The Church (II): Exploring the Gospel
Part of my aim in defining the Church is to define the Gospel, arguably the central tenant of the Christian religion, and from a suggestion in a comment by Ryan B. I will express more of what I believe the Gospel is.
I believe that the best way to learn the Gospel is to explore the Scripture and how the Church has understood the Gospel. I believe that there is a common thread/trajectory running through the Scripture (and I believe this trajectory is also present in what Protestants refer to as the Apocrypha). Therefore, as a precursor to the Gospel, the proclamation of God’s decisive action through Jesus Christ, I believe one must examine the main theological thrust of the Scripture from the first book to the last.
In the first three chapters of Genesis we learn that:
God is preexistent in relation to the universe. God by his own good initiative created the universe (time and space). God created Earth and all of its inhabitants and they were all good. God created humanity and gave humans something unique among all created things: the Image of God. God gave humans a charge, which the humans disobeyed (the Fall). As a result of this disobedience mankind (and the cosmos) is in an unnatural, fallen state (original sin).
This is where the Abrahamic Covenant comes into play, arguably the primary way in which God wants to work to fix the brokenness caused by the Fall, the beginning of the Gospel.
God did not abandon humanity; by his own good will and grace God chose the descendants of Abraham, the Children of Israel, to be a vessel for his glory and blessing to the world. Throughout the Old Testament God continually worked through the oftentimes-disobedient Children of Israel, and this culminated in the coming of the Messiah.
Jesus Christ is the centerpiece of the Christian religion, the climax of God’s covenant with Abraham. Jesus is the Son of God, incarnate through the conception by the Virgin Mary and the Holy Spirit. The Trinity is essential to the Christian religion. In basic terms, the doctrine of the Trinity asserts that the Son, the Holy Spirit, and the Father are eternally existent as one God (in essence) in three persons. Jesus is both fully man and fully God in the divine mystery of the Hypostatic Union. Jesus lived his life demonstrating the presence of the promised kingdom of God. Jesus lived his life fulfilling what mankind and Israel had failed at. Jesus—though he was tempted in all things—lived a sinless life. Jesus was tried, crucified, died, and was buried. Three days later Jesus was resurrected in glory (in a body) as a “first fruit” of the eventual resurrection of the Church. Jesus ascended into heaven and is at the right hand of the Father. The Holy Spirit was thus given to demonstrate the power of God and the presence of his kingdom through the Church. In this, God has extended the invitation to all of the earth (using the language of the Abrahamic Covenant) to participate in his active kingdom, resulting in inevitable action from the Church.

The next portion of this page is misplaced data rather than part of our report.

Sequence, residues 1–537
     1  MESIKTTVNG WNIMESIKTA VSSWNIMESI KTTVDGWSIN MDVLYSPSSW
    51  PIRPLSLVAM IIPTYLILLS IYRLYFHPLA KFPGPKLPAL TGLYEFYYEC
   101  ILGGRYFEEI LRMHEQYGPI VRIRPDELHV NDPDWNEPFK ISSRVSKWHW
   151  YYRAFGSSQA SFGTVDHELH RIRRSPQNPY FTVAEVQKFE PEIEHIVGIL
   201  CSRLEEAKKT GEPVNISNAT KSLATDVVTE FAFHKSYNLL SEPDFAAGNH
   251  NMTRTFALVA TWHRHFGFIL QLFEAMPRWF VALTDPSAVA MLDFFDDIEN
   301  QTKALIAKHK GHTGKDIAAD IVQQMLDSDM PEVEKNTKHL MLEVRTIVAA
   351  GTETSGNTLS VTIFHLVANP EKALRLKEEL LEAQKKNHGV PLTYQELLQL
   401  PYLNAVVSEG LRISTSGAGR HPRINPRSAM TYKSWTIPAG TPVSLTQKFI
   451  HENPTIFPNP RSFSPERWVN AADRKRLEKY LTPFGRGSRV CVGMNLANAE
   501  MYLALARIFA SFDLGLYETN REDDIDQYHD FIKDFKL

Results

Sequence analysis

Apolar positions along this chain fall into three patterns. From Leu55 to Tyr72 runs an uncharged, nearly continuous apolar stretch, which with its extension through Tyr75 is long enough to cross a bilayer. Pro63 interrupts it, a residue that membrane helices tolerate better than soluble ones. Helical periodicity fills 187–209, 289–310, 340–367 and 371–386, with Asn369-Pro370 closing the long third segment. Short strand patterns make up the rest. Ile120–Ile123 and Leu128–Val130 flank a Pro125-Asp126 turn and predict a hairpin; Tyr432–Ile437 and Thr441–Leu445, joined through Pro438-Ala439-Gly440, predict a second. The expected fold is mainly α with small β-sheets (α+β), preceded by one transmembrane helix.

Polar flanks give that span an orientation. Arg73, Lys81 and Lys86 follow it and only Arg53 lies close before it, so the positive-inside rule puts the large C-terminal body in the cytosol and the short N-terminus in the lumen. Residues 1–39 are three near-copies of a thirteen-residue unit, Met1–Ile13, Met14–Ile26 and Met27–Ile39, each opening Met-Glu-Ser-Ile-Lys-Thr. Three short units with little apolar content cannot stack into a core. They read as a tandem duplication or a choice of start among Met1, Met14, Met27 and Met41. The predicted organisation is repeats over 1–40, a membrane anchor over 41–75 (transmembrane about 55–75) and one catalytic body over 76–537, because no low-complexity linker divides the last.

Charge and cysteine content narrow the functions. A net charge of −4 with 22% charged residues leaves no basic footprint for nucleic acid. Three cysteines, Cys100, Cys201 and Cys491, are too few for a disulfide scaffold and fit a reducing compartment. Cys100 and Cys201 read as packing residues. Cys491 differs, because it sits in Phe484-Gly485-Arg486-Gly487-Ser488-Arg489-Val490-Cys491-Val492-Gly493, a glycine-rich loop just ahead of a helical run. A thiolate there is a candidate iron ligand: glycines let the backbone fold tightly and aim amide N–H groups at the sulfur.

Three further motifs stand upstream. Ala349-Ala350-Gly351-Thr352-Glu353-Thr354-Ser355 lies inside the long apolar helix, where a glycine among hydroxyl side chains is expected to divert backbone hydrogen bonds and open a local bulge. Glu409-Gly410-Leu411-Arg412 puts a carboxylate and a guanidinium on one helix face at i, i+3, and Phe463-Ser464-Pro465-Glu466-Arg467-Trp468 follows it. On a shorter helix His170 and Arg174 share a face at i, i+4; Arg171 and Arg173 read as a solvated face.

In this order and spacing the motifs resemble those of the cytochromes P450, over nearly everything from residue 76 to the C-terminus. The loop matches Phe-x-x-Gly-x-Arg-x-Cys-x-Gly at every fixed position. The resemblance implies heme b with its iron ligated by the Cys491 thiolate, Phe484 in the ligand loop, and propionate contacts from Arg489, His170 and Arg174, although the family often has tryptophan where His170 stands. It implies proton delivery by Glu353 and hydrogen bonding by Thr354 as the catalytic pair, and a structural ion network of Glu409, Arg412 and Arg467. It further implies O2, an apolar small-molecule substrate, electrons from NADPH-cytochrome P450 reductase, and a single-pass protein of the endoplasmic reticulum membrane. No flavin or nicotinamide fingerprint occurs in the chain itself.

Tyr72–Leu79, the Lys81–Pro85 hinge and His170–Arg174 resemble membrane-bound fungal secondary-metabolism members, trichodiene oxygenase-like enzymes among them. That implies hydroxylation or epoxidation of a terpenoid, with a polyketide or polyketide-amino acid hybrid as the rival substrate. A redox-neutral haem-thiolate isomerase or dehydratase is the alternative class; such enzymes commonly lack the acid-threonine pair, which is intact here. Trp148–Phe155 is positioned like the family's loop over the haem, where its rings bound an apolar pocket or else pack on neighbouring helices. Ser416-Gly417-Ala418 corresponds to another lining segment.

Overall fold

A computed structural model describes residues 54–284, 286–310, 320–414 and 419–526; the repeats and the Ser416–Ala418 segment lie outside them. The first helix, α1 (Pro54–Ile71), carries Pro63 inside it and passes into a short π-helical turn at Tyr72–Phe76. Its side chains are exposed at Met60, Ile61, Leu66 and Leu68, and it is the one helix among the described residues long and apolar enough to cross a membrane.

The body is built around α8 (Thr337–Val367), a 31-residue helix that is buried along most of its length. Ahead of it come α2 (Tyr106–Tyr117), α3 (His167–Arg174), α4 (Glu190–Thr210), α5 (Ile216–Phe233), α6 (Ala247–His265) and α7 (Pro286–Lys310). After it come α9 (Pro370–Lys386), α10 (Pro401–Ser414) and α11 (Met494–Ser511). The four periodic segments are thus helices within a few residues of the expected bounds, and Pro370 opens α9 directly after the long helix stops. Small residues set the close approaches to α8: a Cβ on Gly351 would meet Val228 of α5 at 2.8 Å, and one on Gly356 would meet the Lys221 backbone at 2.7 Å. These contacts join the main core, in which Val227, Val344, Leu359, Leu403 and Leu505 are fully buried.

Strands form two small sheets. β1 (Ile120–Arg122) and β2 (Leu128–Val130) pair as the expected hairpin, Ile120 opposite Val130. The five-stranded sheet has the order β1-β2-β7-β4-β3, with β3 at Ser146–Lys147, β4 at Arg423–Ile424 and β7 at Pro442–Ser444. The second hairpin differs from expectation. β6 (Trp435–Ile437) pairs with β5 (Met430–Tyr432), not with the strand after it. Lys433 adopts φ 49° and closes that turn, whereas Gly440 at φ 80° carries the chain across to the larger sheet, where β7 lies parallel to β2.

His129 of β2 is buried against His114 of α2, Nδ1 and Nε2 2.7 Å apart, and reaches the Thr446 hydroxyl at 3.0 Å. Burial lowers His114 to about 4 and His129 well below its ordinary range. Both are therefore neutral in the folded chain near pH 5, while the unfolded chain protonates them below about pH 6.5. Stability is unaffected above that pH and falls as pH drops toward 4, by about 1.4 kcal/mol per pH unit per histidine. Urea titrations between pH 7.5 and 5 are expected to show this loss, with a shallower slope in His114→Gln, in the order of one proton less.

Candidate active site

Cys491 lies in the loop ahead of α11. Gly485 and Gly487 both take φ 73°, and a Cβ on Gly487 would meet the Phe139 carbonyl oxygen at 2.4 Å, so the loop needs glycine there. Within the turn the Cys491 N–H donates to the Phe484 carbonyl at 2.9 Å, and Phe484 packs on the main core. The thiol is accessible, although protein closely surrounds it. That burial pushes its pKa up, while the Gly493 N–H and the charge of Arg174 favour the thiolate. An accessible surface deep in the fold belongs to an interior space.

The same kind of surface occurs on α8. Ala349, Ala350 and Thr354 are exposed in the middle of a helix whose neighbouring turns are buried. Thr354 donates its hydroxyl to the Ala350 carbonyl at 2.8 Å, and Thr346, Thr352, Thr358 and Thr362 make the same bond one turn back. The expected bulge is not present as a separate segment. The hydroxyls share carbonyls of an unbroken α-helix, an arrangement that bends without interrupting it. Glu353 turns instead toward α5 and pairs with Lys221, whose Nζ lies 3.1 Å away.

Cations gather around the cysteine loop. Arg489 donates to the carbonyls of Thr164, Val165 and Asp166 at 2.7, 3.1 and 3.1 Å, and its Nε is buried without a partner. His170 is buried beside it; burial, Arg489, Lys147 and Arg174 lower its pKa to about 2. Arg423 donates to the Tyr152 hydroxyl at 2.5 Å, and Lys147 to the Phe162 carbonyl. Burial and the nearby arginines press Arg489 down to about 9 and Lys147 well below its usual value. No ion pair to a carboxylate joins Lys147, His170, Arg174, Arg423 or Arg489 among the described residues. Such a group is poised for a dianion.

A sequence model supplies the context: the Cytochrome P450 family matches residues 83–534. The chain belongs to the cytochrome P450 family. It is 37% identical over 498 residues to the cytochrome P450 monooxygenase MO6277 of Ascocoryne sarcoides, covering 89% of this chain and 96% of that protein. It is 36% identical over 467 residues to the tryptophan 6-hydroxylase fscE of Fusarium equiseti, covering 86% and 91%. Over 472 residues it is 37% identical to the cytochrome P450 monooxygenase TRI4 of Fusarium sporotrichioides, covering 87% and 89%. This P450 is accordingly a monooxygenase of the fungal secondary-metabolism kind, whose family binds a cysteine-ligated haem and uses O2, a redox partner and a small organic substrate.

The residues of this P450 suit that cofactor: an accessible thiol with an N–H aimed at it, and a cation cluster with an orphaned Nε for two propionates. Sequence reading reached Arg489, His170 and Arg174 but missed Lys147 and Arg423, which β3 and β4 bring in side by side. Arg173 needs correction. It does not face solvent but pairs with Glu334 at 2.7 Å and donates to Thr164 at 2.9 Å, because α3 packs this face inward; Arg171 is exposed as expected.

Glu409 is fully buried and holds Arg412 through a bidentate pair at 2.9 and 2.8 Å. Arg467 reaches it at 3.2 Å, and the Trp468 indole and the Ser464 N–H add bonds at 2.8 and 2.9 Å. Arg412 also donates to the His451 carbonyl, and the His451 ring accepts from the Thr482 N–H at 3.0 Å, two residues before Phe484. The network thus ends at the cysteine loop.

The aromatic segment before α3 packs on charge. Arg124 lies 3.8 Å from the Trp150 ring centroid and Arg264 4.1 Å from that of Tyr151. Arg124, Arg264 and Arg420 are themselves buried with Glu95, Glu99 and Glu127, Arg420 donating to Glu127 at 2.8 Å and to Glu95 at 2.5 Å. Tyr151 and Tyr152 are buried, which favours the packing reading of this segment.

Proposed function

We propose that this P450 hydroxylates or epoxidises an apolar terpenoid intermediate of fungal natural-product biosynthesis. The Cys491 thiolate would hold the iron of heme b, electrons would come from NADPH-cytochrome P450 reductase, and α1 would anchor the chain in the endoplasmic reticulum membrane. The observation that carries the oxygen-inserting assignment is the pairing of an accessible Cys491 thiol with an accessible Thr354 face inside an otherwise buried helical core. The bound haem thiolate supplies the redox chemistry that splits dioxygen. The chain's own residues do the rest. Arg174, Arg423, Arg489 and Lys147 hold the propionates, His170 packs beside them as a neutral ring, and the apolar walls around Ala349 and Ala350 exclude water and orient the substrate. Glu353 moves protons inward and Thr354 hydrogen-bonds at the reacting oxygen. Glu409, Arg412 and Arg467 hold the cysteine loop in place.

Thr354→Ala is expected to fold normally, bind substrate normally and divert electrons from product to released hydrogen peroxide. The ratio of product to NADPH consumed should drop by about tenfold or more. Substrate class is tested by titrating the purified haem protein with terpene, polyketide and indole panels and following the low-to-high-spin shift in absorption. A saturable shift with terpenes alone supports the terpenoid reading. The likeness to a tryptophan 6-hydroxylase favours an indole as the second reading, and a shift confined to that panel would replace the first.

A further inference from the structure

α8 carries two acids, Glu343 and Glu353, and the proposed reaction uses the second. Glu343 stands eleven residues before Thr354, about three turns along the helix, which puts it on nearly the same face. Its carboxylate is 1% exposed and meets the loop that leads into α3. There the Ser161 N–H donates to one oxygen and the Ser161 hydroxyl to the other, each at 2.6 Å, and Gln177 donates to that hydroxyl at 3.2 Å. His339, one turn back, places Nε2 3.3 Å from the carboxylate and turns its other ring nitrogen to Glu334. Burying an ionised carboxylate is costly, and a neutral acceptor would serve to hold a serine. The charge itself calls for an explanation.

In my estimate, the work of God in history is currently at a plateau. The resolution to the climax of the Son of God’s presence on earth has yet to happen. But this plateau is an exciting time, when God is actively pressing his kingdom forth through his Church by the power of the Holy Spirit. In the fullness of time Jesus Christ will return to earth, and in doing so he will resurrect the Church, recreate the heavens and the earth, and fully judge all that is in rebellion against him.
I believe that these are generally the primary tenants of the Gospel, things that Protestants, Catholics, and Orthodox can agree on. Looking back on my words above they resemble a bloated Apostles’ Creed, and I suppose that is where a lot of my Ecumenical tendencies find their roots (though I am more partial to the Nicene Creed). I believe that the authority to determine what is the “orthodox Gospel” is found within the Scriptures as well as in Church history, for the Holy Spirit has been and remains active in both elements.